Like space exploration 50 years ago, technology advancements in the insurance industry today face enthusiasm as well as skepticism.
- Howard Mills
- October 2019
In the 2018 movie, First Man, astronaut Neil Armstrong (played by Ryan Gosling) says, “I don't know what space exploration will uncover, but I don't think it'll be exploration just for the sake of exploration. I think it'll be more the fact that it allows us to see things that maybe we should have seen a long time ago but just haven't been able to until now.”
July marked 50 years since the epic journey of Apollo 11. The Apollo astronauts (Buzz Aldrin and Mike Collins, in addition to Armstrong) could not find an insurer able to underwrite their lives at an affordable price while they pioneered space flight. They resorted to signing hundreds of U.S. postal service envelope covers that friends would have postmarked on the day of their launch so that their families could sell them in the event that they died on their missions.
Stunning advances in technology (not to mention political will, raw courage and many other factors) made the success of the U.S. space program possible. Today, we are entering into a technological revolution in the insurance industry that will have vast ramifications for everything from underwriting to claims settlement and every process in between, as it enables insurers to see risks and relationships they haven't been able to see until now.
Innovation and insurtech progress will not only re-engineer processes, it will change the basic construct of insurance models with new concepts such as peer-to-peer insurance, robo-advisory and usage-based insurance, and will do wonders for risk management.
Consumers will enjoy ease of access to insurance products, more options and underwriting tailored to their own unique risk profiles. Technological innovation in insurance models or illustrations will greatly increase transparency and comprehension and could, over time, contribute to an increase in take-up rates of life and annuity insurance products.
Technology could enable some long-awaited disruption in the industry and bring new entrants to the market. Established insurers are racing to embrace new technologies and to innovate so as to remain competitive, especially among the millennial generation where person-to-person interaction for basic insurance products is the exception and direct purchase through cellphones the norm.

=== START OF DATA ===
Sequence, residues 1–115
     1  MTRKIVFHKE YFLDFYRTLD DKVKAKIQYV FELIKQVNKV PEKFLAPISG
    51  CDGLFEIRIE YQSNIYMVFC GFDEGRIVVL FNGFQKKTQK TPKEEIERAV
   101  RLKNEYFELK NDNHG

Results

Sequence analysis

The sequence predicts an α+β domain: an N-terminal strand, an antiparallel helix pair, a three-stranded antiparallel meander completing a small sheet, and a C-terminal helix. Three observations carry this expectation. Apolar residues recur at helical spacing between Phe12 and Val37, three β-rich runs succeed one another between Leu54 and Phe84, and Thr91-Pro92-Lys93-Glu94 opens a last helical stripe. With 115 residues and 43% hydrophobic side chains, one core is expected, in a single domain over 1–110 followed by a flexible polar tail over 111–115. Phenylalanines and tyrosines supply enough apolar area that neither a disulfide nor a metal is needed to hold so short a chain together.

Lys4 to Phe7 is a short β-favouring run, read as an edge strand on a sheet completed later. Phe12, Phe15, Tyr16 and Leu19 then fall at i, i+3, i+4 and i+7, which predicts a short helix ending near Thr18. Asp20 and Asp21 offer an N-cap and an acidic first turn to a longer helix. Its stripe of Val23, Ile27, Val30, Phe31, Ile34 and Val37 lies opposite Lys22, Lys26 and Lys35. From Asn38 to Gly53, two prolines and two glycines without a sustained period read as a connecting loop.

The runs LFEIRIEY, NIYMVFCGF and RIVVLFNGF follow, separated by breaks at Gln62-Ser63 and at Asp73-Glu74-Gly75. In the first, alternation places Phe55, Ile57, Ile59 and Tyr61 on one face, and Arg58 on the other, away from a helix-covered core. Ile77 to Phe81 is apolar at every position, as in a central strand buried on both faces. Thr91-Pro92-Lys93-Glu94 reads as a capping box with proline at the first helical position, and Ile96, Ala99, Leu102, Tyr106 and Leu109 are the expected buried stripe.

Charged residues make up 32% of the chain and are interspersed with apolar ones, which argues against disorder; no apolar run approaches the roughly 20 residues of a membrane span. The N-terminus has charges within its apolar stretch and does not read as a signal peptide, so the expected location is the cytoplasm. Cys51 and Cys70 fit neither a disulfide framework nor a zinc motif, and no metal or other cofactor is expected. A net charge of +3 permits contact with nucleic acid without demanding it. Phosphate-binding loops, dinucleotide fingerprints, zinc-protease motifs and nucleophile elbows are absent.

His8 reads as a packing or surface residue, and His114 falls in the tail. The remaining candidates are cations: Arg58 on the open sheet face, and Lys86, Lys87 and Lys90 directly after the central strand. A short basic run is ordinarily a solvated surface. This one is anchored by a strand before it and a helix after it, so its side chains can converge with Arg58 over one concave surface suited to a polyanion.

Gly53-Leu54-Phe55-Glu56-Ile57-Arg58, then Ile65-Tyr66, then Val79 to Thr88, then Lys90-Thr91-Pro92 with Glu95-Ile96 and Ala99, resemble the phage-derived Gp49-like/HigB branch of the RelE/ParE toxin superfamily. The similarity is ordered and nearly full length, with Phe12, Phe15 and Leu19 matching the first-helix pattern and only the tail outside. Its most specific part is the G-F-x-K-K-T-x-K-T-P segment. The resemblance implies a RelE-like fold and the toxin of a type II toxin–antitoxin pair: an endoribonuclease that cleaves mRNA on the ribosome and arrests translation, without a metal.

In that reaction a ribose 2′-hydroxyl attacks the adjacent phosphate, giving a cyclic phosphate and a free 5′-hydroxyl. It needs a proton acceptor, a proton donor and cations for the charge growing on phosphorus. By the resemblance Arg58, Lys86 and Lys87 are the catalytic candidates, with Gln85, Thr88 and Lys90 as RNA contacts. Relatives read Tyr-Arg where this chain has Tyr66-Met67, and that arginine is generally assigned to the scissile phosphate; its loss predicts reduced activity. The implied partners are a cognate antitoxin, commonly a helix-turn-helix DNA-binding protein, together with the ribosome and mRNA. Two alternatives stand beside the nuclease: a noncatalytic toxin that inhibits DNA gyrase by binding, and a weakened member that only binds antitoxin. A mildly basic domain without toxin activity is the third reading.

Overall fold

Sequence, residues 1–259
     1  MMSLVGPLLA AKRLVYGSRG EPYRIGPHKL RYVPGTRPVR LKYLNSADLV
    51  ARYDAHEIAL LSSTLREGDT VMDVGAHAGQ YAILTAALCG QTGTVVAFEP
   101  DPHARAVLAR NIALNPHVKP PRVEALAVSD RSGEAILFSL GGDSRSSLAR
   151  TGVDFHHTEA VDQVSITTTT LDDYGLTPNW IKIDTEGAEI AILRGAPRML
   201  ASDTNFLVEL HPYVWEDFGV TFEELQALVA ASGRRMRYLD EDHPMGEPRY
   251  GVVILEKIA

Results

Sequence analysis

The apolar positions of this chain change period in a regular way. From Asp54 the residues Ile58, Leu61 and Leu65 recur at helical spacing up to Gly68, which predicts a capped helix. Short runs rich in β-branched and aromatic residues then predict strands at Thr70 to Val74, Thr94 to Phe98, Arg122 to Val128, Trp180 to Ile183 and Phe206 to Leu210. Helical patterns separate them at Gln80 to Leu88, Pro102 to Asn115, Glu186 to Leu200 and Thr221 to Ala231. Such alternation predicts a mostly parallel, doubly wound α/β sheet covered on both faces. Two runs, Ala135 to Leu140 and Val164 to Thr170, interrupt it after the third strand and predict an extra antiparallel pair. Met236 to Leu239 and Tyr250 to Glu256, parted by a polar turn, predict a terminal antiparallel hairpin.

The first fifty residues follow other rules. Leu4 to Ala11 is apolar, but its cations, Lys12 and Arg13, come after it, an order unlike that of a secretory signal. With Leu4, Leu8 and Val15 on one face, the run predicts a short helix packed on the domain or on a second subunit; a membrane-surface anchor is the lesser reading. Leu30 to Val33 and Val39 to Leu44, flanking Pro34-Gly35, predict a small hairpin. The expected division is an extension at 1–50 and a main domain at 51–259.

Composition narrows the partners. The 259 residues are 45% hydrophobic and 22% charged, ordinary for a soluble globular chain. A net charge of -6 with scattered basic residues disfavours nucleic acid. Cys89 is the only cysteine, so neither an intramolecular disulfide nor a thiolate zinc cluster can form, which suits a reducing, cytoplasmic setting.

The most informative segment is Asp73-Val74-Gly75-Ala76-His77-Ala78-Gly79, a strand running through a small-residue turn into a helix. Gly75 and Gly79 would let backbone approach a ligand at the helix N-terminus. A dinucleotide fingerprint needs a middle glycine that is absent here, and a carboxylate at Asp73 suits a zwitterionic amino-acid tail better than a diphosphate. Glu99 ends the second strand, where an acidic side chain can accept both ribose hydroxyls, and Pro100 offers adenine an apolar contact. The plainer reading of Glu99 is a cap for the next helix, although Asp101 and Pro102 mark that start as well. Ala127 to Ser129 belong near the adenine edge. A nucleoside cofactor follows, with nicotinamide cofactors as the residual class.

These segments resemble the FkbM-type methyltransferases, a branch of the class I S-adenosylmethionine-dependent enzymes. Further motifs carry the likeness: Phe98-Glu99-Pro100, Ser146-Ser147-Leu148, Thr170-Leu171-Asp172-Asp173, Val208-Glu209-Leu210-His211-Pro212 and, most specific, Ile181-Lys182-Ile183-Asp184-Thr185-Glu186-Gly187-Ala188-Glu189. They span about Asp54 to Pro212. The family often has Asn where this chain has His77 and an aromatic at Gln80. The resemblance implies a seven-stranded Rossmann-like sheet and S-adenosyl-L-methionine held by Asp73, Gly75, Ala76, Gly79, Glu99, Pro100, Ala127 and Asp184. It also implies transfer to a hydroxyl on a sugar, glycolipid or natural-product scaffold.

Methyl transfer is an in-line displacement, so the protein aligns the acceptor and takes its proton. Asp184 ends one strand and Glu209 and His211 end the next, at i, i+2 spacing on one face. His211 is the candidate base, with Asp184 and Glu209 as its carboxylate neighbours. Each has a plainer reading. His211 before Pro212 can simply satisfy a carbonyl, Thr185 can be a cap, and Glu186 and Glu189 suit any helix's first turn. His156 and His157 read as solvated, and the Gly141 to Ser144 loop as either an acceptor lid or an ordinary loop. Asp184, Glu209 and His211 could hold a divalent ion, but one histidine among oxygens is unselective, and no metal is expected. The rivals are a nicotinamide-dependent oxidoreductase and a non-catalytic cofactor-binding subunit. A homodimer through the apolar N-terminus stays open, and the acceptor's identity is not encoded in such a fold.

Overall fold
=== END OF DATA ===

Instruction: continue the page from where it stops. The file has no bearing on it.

The insurance industry's technological revolution will pose challenges and regulators are already pondering many aspects of the new landscape. The most fundamental concern I hear is whether artificial intelligence, machine learning and data analytics will enable insurers to underwrite at such a granular level so as to customize policies to such a degree that the very concept of insurance—risk pooling—will be undermined, and if this could lead to large groups of people or risks becoming uninsurable in the private insurance marketplace. Regulatory concerns about issues such as data privacy, discrimination, and cybersecurity will be never-ending. The use of algorithms using geographical data and other individual attributes also will be under constant scrutiny.
Insurers may rightly face skepticism from regulators similar to that expressed by Neil Armstrong's wife Janet (played by Claire Foy) in First Man. Upon being told things were under control, she says: “All these protocols and procedures to make it seem like you have it under control … but you're a bunch of boys making models out of balsa wood! You don't have anything under control!”
Insurers, like NASA, must convince regulators—who are in many ways stand-ins for a skeptical public—that they have the new technologies under control. If they can, and if they do, it is a safe bet that future astronauts—not to mention Earth-bound insureds—will have better insurance options than did Armstrong, Aldrin and Collins.
Best’s Review columnist Howard Mills is an independent senior adviser with Deloitte and a corporate director. He previously was superintendent of the New York State Insurance Department. He may be reached at firstname.lastname@example.org.